SummaryAnna and Ed have chosen to homeschool to get their children to heaven of course but to also “Think for themselves. Eyes wide open. Be able to debate ideas.”
It was mid-October, and I was speaking by phone with Seton homeschool mom Anna Martin of Elkton, Florida, a town just outside of Saint Augustine.
In Anna’s voice, laughter, and words, I detected optimism, a determination to do her best for her children, and her love for her faith.
Anna and her husband Edward are the parents of Anthony, 11; Isabelle, 10; Mateo, 5; Clara, 3; and Santiago, 1. For five years, Anna has taught her children using the Seton Home Study School curriculum.
During our conversation, Anna could remember no specific reason for wishing to homeschool other than wanting to be a part of her children’s education. She and her husband particularly enjoy studying and discussing history and politics, and find the Seton history books “rich and accurate.” She informed me that she had one primary academic goal for her children: “Think for themselves. Eyes wide open. Be able to debate ideas.”
That interest in politics spilled over to the children. Recently, sixth-grader Anthony wrote a letter of encouragement and gratitude to President Donald Trump and was stunned to hear back from him. Here is a part of the email Anna wrote to us at Seton telling about Anthony’s exchange with President Trump:
“As part of a multifaceted school project, Anthony learned about the importance of Catholic political involvement in promoting a culture of life. In addition, he used his Seton English, cursive, handwriting and vocabulary skills to pen a letter to President Trump and First Lady Melania Trump, thanking them for their support and protection of the unborn.
Surprisingly, Anthony received a signed response from President Trump encouraging him to continue his political involvement in protecting all life as our Catholic faith dictates.”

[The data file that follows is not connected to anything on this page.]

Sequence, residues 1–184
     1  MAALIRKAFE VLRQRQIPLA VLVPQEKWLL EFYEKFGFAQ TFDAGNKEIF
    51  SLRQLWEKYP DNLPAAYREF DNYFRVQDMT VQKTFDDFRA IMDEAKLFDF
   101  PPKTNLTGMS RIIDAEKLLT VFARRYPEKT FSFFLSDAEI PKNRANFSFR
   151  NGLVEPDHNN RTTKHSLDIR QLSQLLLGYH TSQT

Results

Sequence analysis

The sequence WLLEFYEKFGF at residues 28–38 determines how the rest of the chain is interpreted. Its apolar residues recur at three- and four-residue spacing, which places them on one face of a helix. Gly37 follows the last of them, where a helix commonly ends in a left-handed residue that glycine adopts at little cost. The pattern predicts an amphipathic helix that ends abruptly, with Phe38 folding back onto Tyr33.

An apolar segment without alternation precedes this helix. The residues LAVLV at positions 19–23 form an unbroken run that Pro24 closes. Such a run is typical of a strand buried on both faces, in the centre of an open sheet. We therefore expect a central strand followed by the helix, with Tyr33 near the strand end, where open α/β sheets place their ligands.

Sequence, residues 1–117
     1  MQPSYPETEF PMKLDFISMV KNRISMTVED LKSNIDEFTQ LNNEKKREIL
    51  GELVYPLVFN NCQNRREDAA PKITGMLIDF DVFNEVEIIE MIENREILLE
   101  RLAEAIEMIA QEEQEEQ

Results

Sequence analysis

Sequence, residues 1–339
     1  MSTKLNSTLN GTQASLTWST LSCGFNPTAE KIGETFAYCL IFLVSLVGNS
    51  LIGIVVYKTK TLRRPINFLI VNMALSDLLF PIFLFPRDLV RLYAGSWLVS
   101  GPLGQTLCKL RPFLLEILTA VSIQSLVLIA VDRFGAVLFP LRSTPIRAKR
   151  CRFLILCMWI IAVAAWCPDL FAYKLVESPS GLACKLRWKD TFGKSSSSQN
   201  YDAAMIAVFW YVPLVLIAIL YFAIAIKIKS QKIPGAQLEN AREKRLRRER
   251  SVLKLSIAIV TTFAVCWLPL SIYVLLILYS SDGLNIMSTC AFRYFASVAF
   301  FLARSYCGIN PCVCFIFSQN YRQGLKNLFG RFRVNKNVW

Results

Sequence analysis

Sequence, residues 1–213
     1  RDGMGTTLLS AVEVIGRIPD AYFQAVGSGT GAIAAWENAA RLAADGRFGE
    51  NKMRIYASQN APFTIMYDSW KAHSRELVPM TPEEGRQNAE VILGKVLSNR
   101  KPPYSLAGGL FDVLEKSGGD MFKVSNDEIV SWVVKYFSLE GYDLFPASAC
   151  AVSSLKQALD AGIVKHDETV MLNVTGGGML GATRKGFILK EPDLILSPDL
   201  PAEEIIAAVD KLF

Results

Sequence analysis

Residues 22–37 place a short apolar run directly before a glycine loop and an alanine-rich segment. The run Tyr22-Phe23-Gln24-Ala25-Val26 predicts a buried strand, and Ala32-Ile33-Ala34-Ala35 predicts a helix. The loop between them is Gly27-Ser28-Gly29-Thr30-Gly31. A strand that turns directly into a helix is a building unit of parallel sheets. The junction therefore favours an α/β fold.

Like most homeschool families, the Martins practice a juggling act in terms of schedules, work, academics, and extracurricular activities. Edward is the assistant manager for the local animal control department, and Anna works part-time as a “float pool nurse,” meaning she can pick and choose her assignments, and so perform her home and school duties as well. She also serves as the respect life coordinator for her parish.
Extracurricular activities in particular often present a challenge to large families. Getting Johnny to soccer, Mary to dance, Claire to piano, and Tim to his guitar lessons can transform homeschool moms into van-school moms. Because of the time the Martins were spending in the car, Anna’s mother bought her a special cooler just to use for carrying food and drinks while on the road.
The Beauty of One Club for All
This is why the local 4-H club has become a real time-saver for the family. “The kids can do activities together there,” Anna said, “which means less time in the car for all of us.” In 4-H, her children can choose from a wide variety of activities and classes, ranging from marine biology to baking, from sewing to photography. Mateo, for example, enrolled this year in the Clover Buds program and is already engaged in different science projects.